Even if it makes a smaller contribution than aerodynamic drag, rolling resistance plays a non-negligible role in the efficiency of human-powered vehicles, whether they are designed for daily commuting or to set speed records. The literature, experimental evidence and models show that the rolling resistance coefficient of cycling wheels strongly depends on the supported load, suggesting that the number of wheels and the load distribution could play a role in vehicle design and in road-test data analysis. Starting with an in-depth look at the relationship between a single wheel and overall vehicle rolling resistance coefficients, an analysis is proposed and discussed with the aim of minimizing the rolling resistance of a vehicle. Finally, a parametric surface response model for rolling resistance is obtained as a function of wheel size and the number of wheels. The overall analysis overturns the popular assumption according to which ‘the more wheels, the more rolling resistance’, at least according to a strict definition of the phenomenon.
cycling  design 
april 2016 by juliusbeezer
The Simplest Thing that Could Possibly Work
forget all that and ask yourself, "What's the simplest thing that could possibly work?"

I think the advice got turned into a command: "Do the simplest thing that could possibly work." That's a little more confusing, because there isn't this notion that as soon as you've done it, we'll evaluate it. People ask, "Well, how do you know it's the simplest?" In my case, we didn't know. We were just going to get it on the screen and look at it. But as soon as it becomes a command, then we have to analyze it and ask, "Is that the simplest?" And all of a sudden it becomes complicated. What is or isn't simple?

There's been an awful lot of discussion about what is or isn't simple, and people have gotten a pretty sophisticated notion of simplicity, but I'm not sure it has helped. It might just confuse. Sometimes you think, "Gosh, you know, I'm such a wimp, I can't even understand the discussion of simplicity." It scares people.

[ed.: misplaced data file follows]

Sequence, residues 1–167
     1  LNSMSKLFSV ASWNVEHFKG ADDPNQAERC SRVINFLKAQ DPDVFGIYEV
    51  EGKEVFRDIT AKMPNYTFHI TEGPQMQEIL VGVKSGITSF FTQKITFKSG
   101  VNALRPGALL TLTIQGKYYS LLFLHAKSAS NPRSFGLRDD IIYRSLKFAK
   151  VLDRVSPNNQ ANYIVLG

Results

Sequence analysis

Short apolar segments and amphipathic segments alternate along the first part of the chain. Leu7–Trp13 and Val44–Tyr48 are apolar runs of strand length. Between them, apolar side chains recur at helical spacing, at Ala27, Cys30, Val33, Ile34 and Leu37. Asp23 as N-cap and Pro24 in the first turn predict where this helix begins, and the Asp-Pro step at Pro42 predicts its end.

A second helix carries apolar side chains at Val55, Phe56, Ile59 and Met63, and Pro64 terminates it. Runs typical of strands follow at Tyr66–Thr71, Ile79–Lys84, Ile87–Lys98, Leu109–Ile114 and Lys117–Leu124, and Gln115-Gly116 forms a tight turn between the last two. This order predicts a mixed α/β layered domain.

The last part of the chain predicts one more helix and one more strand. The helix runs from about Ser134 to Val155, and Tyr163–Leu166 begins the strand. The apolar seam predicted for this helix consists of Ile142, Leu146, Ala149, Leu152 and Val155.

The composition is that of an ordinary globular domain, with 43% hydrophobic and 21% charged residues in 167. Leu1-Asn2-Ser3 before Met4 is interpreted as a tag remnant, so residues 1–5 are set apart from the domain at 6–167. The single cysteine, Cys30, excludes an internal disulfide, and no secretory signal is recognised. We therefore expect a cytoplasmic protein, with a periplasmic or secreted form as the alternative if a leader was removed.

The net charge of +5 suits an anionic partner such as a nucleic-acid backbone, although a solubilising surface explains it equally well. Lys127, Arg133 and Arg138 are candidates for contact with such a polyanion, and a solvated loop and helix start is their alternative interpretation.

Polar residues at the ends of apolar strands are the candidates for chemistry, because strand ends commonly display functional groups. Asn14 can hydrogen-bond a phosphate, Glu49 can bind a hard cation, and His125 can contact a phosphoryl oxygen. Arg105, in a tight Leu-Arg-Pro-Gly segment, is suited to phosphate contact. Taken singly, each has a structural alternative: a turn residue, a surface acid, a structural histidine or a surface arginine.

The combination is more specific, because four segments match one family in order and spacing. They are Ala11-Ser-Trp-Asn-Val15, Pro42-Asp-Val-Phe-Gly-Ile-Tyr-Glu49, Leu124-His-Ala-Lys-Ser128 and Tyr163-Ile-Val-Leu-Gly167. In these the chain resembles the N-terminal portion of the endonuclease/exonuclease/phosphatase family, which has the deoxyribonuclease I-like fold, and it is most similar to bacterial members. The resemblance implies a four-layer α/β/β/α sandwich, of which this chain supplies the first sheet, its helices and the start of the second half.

Coding up the simplest thing that could possibly work is really about this: If you can't keep five things in your head at one time and make a decision, try keeping three things in your head. Try keeping just one thing in your head, and see if you can make a decision. Then you can think of the next thing. And amazingly, when you write some of this dumb, straight-ahead code, it often turns out that it was all that was required.
coding  design  programming  heuristics 
september 2015 by juliusbeezer
Injustice at the Intersection | Dissent Magazine
The rules for pedestrian crossings nationwide are set out in the Manual of Uniform Traffic Control Devices, known to specialists as the MUTCD. Chapter 4C specifies when red lights can be installed. One rule concerns vehicle traffic that approaches busy highways from a side street. It takes 240 cars in four hours to justify a traffic signal.

Under the same conditions, at least 300 people must walk across the main road before a red light can be installed. A pedestrian, in other words, counts for four-fifths of a driver.*

Even then, no signal is allowed if there is another light within 300 feet. This distance is considered a short enough detour to impose on pedestrians, even though, at a steady pace, a 600-foot round trip on foot takes two-and-a-half minutes. Drivers’ time is valued quite differently: engineers classify an intersection as “failing” if an average car is delayed in rush hour by a minute twenty seconds.
road_safety  design  attention  walking 
january 2015 by juliusbeezer
Textproof Chronicle: Readability: Justified vs. Ragged
The key point, then, is that ragged right is consistent with using the same width space between words, whilst justified text must allow the interword space to vary.

In an influential article, Williams (2000, p394) recommends the use of [s]et type intended for extended reading flush left, and ragged right because (p390) [n]on-uniform spacing between words decreases reading speed by as much as 11 percent (Trollip and Sales 1986).
design  text  typography 
december 2014 by juliusbeezer
FS Me, A Type Family Designed For People With Learning Disabilities | The FontFeed
Over a three-month period, Mencap looked at various styles of sans-serif and handwritten fonts. Throughout the development the learning disability group tested the type designs, deciding which iterations were the easiest to read and the clearest to see. They considered how letter spacing, width, shape and style affected readability. They developed a unique typeface of 260 characters,
typography  design  education 
june 2014 by juliusbeezer
Point Size and the Em Square: Not What People Think | Phinney on Fonts
Back in the days of metal type, the answer was simple, even if it didn’t relate to anything one saw in the printed output. The point size of the type was simply the height of the metal body the type was cast on. Additional line spacing was added by means of thin strips of lead between the lines, hence the term “leading” (pronounced “ledding”) for line spacing.
design  typography 
june 2014 by juliusbeezer
Introduction to XHTML
html vs xhtml? Well, what a fuss!
xml  code  internet  web  design 
july 2013 by juliusbeezer
Off the Shelf | 'The Queen Elizabeth Coronation Book' - NYTimes.com
She’s the art director of Faber & Faber and at Farrar, Straus and Giroux as well as the art editor of The Paris Review. She’s also an award-winning book designer in her own right.
publishing  art  design  ebooks 
june 2012 by juliusbeezer